Fairmined Gold Coming to the United States

Fairmined gold is coming to the United States, the Alliance for Responsible Mining has announced.

The gold, produced under certain conditions designed to benefit the artisanal and small-scale mining communities that produce it, had previously been difficult to obtain in this country.

Fairmined gold used to be co-branded with the Fairtrade insignia from Fairtrade International (FLO). When ARM and FLO decided to end their co-branding agreement earlier this year, it paved the way for Fairmined gold’s entrance into the United States, says ARM director of supply chain management and producer support Kenneth Porter. 

Even though the Fairmined logo is still getting off the ground, Porter is confident it will find an audience and says the organization plans a marketing campaign.

“Fairtrade is the most recognized ethical label in the world,” he says.  “But it’s also known for agricultural product. We feel ‘Fairmined’ sends a clear message.” 

Despite the difference in labels, Porter says, there is no fundamental difference in the conditions under which Fairmined and Fairtrade gold are produced. The Fairmined product is sold with an around 10 percent premium over regular gold.

“That’s justifiable when you see the investment mining communities have to make,” Porter says.

The organization will also market Fairmined Silver and Platinum.

The metal will be sold through the Toronto-based Fair Trade Jewellery Co. and College Corner, Ohio-based Ethical Metalsmiths.

Fair Trade Jewellery cofounder Ryan Taylor says he hopes to sell the product to “companies that are looking to integrate ethical gold and use it as a part of a corporate social responsibility/sourcing program.”

Although he also will be selling gold with the Fairtrade label, Taylor says he doesn’t think the insignias will confuse consumers.

“If you walk into a coffee shop, you see Rainforest Alliance, you see a variety of third party labels,” he says. “I think any jewelers who are willing to carry this will take the time to understand it and not just throw it in the case.” 

“It has a narrative to it,” Taylor continues.  “I think it shows that jewelers who carry this material are a little more progressive. It shows a different side of the industry and gives us some positivity around our products. Hopefully, we get to the point where everything in a jewelry store is ethically sourced.”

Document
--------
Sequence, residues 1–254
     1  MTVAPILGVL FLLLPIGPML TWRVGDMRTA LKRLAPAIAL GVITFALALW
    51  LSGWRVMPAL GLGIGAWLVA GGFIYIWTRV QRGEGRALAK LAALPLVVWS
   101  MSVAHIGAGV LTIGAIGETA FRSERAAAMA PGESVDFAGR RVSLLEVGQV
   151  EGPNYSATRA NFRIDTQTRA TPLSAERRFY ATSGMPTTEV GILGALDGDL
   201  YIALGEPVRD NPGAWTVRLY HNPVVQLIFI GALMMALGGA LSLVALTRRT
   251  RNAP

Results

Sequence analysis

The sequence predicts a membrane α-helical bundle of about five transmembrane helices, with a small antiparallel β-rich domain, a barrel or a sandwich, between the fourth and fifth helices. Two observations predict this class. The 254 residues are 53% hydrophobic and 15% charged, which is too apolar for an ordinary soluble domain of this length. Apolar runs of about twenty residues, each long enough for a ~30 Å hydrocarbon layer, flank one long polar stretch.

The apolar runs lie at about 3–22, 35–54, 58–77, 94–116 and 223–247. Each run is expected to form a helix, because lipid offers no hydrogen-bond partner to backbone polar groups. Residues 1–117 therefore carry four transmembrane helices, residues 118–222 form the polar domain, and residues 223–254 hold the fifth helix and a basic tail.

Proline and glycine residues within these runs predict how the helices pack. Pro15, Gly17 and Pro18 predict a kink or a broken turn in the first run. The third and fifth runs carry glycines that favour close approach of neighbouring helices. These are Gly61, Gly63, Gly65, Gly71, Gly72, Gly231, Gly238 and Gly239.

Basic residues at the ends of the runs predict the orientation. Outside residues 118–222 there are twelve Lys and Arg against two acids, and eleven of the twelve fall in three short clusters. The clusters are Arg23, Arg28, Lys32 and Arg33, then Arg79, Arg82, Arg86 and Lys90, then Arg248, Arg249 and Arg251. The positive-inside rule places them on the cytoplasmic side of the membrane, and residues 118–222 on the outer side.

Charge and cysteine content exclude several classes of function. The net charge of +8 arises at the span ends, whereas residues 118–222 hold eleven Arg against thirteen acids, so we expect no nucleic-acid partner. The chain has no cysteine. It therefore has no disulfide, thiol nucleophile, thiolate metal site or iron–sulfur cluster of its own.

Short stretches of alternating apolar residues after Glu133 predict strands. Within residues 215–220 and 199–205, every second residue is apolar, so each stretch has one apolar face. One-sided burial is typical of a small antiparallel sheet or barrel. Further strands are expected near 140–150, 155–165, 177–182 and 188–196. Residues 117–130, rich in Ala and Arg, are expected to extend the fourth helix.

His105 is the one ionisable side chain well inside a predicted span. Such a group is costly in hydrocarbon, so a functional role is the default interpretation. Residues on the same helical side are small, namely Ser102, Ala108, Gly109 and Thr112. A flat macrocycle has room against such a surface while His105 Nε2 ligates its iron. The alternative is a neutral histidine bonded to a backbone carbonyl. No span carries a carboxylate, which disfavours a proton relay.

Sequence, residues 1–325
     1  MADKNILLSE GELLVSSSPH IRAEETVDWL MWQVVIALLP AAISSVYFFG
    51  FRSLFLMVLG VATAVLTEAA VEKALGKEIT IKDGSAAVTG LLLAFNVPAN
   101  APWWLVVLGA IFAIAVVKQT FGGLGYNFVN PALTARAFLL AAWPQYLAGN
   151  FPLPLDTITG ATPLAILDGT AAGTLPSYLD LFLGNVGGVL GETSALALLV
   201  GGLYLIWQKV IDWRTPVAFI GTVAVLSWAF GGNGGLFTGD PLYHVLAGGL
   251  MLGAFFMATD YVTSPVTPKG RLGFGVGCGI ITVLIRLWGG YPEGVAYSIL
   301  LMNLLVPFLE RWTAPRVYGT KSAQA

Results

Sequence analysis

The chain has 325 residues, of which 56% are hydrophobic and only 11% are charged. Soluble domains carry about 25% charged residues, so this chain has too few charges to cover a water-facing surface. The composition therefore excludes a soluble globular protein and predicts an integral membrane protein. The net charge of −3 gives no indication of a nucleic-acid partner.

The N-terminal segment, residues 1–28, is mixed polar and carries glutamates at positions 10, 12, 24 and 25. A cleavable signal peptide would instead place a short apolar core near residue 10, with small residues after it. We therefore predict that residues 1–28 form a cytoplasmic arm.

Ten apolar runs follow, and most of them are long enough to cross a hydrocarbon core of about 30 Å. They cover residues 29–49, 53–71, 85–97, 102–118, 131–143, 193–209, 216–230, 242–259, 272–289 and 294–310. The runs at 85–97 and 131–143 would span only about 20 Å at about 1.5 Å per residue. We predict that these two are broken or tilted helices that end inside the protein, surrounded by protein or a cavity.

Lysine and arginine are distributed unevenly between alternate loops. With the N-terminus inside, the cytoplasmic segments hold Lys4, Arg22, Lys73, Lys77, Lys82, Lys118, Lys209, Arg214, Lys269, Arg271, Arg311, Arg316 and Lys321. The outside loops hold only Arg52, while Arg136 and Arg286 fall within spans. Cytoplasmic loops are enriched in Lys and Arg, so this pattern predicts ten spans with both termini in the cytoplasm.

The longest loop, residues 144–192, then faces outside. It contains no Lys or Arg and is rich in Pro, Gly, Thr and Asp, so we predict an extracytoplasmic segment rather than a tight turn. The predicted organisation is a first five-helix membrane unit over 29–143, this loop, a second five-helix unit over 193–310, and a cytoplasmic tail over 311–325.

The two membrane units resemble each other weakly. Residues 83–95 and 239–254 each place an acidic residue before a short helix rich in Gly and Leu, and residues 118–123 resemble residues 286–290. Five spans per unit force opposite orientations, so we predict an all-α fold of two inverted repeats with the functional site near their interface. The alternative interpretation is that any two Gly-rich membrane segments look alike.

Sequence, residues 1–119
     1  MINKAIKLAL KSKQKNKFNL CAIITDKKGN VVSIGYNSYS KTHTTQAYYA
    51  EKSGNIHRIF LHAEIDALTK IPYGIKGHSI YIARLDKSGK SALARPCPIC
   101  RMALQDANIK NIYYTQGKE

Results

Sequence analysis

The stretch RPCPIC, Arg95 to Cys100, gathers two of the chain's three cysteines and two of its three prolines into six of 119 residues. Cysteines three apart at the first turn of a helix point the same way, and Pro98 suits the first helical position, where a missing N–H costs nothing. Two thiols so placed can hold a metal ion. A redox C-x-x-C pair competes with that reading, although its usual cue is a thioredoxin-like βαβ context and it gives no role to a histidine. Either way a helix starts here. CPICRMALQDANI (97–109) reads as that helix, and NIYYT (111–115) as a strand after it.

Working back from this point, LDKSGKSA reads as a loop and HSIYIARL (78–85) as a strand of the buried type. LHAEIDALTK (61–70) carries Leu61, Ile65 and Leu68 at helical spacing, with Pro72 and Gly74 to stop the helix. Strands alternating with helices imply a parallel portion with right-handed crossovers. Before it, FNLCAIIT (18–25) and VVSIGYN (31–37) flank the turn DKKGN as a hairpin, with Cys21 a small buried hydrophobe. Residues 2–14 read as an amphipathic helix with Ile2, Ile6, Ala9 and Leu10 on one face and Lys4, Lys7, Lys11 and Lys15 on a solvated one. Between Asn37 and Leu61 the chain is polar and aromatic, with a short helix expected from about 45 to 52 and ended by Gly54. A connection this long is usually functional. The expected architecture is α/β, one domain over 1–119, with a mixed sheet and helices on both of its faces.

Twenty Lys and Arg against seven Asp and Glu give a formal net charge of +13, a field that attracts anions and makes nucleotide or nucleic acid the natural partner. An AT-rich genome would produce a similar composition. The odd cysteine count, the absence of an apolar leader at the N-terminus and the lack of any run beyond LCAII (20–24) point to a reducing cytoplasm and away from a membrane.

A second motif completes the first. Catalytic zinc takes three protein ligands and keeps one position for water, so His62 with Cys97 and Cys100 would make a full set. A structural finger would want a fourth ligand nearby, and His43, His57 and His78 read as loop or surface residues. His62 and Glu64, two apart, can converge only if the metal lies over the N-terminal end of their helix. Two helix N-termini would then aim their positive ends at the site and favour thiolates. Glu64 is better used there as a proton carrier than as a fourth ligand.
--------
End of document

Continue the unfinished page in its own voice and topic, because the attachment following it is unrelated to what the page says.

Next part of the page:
JCK News Director


Private: Fairmined Gold Coming to the United States

Fairmined gold is coming to the United States, the Alliance for Responsible Mining has announced. 

The gold, produced under certain conditions designed to benefit the artisanal and small-scale mining communities that produce it, had previously been difficult to obtain in this country.

Fairmined gold used to be co-branded with the Fairtrade insignia from Fairtrade International (FLO). Earlier this year, ARM and FLO decided to end their co-branding agreement. That paved the way for Fairmined’s gold entrance into the United States, says ARM director of supply chain management and producer support Kenneth Porter. 

But even though the Fairmined logo is still getting off the ground, Porter is confident the it will find an audience, noting that the organization plans a marketing campaign.

“Fairtrade is the most recognized ethical label in the world,” Porter says.  “But it’s also known for agricultural product. We feel Fairmined sends a clear message.”

He said that, despite the difference in labels, there is no fundamental difference in the conditions under which Fairmined and Fairtrade gold is produced. 

The product is sold with an around 10 percent premium over regular gold.

“That’s justifiable when you see the investment mining communities have to make,” Potter says. 

The organization will also market Fairmined Silver and Platinum. 

The metal will be sold through the Toronto-based Fair Trade Jewellery Co. and College Corner, Ohio -based Ethical Metalsmiths

Ryan Taylor, co-founder of the Fair Trade Jewellery Co., says he hopes to sell the product to “companies that are looking to integrate ethical gold and use it as a part of a corporate social responsibility/sourcing program.”

While he will also be selling gold with the Fairtrade label, he thinks the competing insignias won’t confuse consumers.

“If you walk into a coffee shop, you see Rainforest Alliance, you see a variety of third party labels,” he says. “I think any jewelers who is willing to carry this will take the time to understand it and not just throw it in the case.” 

“It has a narrative to it,” he continues.  “I think it shows that jewelers who carry this material are a little more progressive. It shows a different side of the industry and gives us some positivity around our products. Hopefully, we get to the point where everything in a jewelry store is ethically sourced.” 

JCK News Director